Low back pain is an area of significant concern as it affects upwards of 80% of the population at some point in their life. It is the second most common reason we visit our doctor (the first being an upper respiratory infection). Low back pain affects males and females equally and is most common between 30-50 years of age. Most causes of low back pain are mechanical and non-organic, meaning that they are not caused by something like a fracture, infection or cancer. Low back pain can interfere with our daily work and recreational activities as it takes a toll on our bodies.
Some causes of low back pain are due to:
- work related injuries (sudden movements, poor posture, repetitive movements)
- sports injuries
- car accidents
- improper lifting
- disc degeneration
Any of these things can cause your spine to shift out of its’ normal position (alignment) and possibly affect your range of motion (how well you move in all directions). Improper alignment and movement puts added pressure on your joints, muscles and nerves in the area – which are commonly the cause of low back pain.
Tips to Prevent Low-Back Pain
- maintain a health weight and diet
- remain active and avoid prolonged inactivity or bed rest
- warm up/stretch before exercising or performing any other physical activity
- maintain proper posture (during all activities, not just at your desk)
- wear comfortable, low-heeled shoes
- sleep on a mattress of medium firmness to minimize curves in your body (this also depends on what type of sleeper you are)
- lift with your knees, keep object close to your body and do not twist when lifting
Are you experiencing any of these symptoms?
- leg pain with numbness/tingling, loss of strength
- back pain when you cough or sneeze
- difficulty standing up after sitting for a period of time
- stiffness in the morning that eases when you start to move around
- pain in your hip/buttocks/thigh/knee/foot.
- inability to bend equally to each side
- unbalanced posture – start from a head tilt, unleveling of shoulders and pelvis
- pain that worsens with time
If you said yes to any of these, consult a health care professional such as a Chiropractic Doctor, to assess your specific condition and the best course of action that is right for you.
Here are some back facts to keep in mind if you find it bothering you:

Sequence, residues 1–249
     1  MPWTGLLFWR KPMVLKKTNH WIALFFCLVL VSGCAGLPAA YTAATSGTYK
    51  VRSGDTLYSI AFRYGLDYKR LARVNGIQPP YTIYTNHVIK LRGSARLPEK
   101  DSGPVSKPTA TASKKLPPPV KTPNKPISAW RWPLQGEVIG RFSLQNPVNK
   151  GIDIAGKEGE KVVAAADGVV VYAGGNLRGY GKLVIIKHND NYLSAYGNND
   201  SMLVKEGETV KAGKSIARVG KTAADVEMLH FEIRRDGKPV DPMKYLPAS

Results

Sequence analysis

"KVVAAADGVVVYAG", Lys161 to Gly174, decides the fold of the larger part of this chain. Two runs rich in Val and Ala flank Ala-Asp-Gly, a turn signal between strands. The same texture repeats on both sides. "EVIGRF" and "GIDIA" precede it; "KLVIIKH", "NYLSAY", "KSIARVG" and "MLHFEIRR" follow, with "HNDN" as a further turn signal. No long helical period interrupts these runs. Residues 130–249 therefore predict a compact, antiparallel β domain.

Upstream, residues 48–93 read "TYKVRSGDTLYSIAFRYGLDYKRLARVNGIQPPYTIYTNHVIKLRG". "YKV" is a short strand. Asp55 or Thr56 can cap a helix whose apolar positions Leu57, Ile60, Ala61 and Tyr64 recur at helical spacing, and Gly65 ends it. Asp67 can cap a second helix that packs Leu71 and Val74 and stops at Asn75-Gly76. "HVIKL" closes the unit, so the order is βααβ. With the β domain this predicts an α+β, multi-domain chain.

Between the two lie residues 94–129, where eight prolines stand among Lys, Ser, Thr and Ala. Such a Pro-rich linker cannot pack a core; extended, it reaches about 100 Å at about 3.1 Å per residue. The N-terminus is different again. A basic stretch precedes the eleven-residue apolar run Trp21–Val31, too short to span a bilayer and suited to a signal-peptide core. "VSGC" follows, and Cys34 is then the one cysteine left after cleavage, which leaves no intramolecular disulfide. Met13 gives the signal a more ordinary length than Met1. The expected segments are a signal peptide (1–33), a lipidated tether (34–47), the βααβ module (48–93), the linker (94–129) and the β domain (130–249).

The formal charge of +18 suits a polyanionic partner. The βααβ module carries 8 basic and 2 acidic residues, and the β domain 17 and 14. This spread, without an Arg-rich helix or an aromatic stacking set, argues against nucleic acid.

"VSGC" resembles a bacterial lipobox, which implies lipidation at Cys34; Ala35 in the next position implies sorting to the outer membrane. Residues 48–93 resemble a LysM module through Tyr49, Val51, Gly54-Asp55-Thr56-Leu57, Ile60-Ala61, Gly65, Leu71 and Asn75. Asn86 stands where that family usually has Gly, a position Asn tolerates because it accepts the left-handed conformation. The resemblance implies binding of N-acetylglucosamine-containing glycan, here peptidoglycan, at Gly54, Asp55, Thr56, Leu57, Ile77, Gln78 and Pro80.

Rest vs Active
When injured we are often told to rest until the injury has healed. If you are experiencing minor back pain, avoiding exercise maybe the worst thing you can do . It is important to remain active when recovering from an injury – remember to keep your condition in mind and don’t overdo it! Your intensity should decrease but frequency should not. Those who remain active usually recover quicker.
Hot vs. Cold
This is an area of heated debate – heat or ice! Right after an injury a warm bath may sound soothing, but should be avoided. Getting into a hot bath can make the inflamed area worse as heat can increase the inflammatory response in an acute injury. Ice should be applied to an injury for 10-15 minutes, let the body return to normal temperature before reapplying. This can be done for the first 48-72 hours post injury. Heat can be introduced after 72 hours and applied in the same manner.
The spine consists of 26 bones (vertebrae) and are cushioned by discs. The discs act to protect the bones as a shock absorber of daily activities like walking, lifting and twisting. Injury and wear and tear can cause these discs to weaken allowing for the inner portion of the list to protrude out of the outer portion – and this is a slipped or herniated disc. Depending on the severity of protrusion, can cause varying levels of pain and discomfort.
A slipped disc can revert back to its normal position spontaneously but can take upwards of six weeks to fully recover. When a slipped disc is present, it is best to stay moderately active and avoid inactivity.
Back pain should never become a normal part of life. As we age, we may be susceptible to certain conditions, but with all of the treatment options available, it should not be a permanent part of your aging process.
Article written and submitted by Dr. Anita Chopra, D.C. of A Remarkable Me Therapeutic Centre